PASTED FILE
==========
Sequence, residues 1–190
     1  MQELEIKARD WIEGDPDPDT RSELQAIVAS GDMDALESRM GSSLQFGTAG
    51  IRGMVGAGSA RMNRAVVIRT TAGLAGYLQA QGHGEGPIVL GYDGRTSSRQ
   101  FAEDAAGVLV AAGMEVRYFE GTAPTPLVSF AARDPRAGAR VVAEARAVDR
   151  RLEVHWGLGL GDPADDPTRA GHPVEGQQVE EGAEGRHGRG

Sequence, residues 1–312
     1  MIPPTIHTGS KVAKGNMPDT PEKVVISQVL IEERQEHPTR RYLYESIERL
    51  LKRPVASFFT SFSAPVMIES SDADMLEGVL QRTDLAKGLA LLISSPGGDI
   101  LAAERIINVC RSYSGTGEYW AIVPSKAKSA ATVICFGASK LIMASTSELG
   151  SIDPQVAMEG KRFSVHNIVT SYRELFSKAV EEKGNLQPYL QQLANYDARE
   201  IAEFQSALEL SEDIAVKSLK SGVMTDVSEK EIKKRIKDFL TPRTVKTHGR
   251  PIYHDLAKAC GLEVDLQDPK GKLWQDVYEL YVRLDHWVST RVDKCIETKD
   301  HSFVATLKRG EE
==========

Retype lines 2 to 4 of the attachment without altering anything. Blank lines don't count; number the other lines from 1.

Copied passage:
     1  MQELEIKARD WIEGDPDPDT RSELQAIVAS GDMDALESRM GSSLQFGTAG
    51  IRGMVGAGSA RMNRAVVIRT TAGLAGYLQA QGHGEGPIVL GYDGRTSSRQ
   101  FAEDAAGVLV AAGMEVRYFE GTAPTPLVSF AARDPRAGAR VVAEARAVDR